## Riddle me this... where's the current going?

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A straight-forward oscillator as above, 4MHz. The two gates are the only ones used on the package; all other inputs are tied high or low as most convenient for the wiring, about half each way. The feedback resistor is 1M, the series resistor 680.

It gives a nice stable 4MHz as might be expected and takes around 800uA... but hanging a 10M scope probe on it increases the standing current to over 1mA.

Since V=IR, and the scope resistance is 10M, that implies that 2000v is being generated somewhere :shock: which it obviously isn't. A 10M resistor across the output pin and ground makes no difference to the current... so it must be the capacitance. But that's only picofarads.

Where on earth is that current going?

You're loading the signal with another 50pf of capacitance from the scope probe...the 10M is not affecting it in any significant way

Agree, though it might not be that much capacitance with a "real" 10X scope probe. If the "probe" is one of those (expletive deleted) things that is just a length of coax with clips on the end, it could be even higher.

Here is what happens:

1) How much charge does it take to charge up 50pf to 5V (assumed Vcc)?
Q = C*V = 50pf * 5V = 250pC (picoCoulombs)

2) With a 4MHz signal, the capacitance is charged every 250ns, then the charge is "thrown awaty" so that, 250ns later, it has to be charged again. This is the current that is required to charge the probe capacitance at 4MHz.
I = dQ/dT = 250pC/250ns = 1mA

Chartman must have done exactly this calculation to come up with 50pf. That is a pretty miserable "probe"!

Jim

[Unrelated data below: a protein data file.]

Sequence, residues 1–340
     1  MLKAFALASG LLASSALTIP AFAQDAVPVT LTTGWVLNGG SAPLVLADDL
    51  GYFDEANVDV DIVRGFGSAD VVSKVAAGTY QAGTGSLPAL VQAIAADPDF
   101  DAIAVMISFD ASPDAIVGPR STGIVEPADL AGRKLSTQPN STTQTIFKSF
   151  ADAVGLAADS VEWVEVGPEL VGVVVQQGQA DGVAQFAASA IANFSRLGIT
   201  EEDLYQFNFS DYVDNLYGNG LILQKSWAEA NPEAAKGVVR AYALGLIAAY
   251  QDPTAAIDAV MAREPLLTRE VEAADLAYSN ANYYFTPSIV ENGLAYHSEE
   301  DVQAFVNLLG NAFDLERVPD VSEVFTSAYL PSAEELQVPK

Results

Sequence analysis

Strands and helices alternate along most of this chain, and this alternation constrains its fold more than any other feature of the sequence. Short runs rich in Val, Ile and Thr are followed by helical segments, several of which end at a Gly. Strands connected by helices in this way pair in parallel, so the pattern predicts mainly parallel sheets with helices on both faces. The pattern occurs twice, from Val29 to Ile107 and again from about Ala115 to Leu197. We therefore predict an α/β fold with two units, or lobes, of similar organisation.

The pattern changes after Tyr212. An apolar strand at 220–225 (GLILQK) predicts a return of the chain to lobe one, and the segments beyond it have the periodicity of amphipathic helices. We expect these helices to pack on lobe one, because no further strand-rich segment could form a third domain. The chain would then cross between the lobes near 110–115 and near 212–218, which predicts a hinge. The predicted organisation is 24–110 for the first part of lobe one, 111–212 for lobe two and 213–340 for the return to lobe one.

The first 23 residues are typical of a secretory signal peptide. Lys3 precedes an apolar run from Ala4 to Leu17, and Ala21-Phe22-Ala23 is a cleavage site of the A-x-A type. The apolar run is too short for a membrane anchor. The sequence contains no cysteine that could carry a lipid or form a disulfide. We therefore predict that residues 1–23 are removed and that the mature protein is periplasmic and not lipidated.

Jim Wagner Oregon Research Electronics, Consulting Div. Tangent, OR, USA http://www.orelectronics.net

You really should not use HC04 because it is a buffered inverter, but a HCU04 in this application. It could have a square wave at pin 12 because of excess gain.

You can also find a two-gate chip with single unbuffered inverter and single schmitt trigger inverter.

Probing pointers, Take 2 by Jack Ganssle (embedded.com; March 25, 2012) shows what happens when using a cheap probe, a much better alternative, and CMOS's latchup.

"Dare to be naïve." - Buckminster Fuller

Certainly, a 10 MÎ© // 50 pF scope probe is not considered to be a 'good' probe.

But, that particular probe actually raised the total oscillator dissipation from 800 Î¼A 1 mA; it is not responsible for the whole 1 mA but for the difference of 200 Î¼A (= 1 mA - 800 Î¼A) only. In that regard, dQ becomes equal to 200 Î¼A * 250 ns = 50 pC and the effective capacitance equal to 50 pC / 5.0 V = 10 pF, assuming that Vcc = 5.0V.

-George

I hope for nothing; I fear nothing; I am free. (Nikos Kazantzakis)

Agree - the capacitance (and it is a proper probe) must be about 10pF.

With regard to the chip selection: this is an attempt to free up a pin on a (EXPLETIVE DELETED) processor by using an external oscillator with no extra chips; it's using the last two spare gates.

It's been nuked as an idea; too much current. Instead I'm using those two inverters and a few discretes to detect the difference between a 100us and a 500us input at much lower current.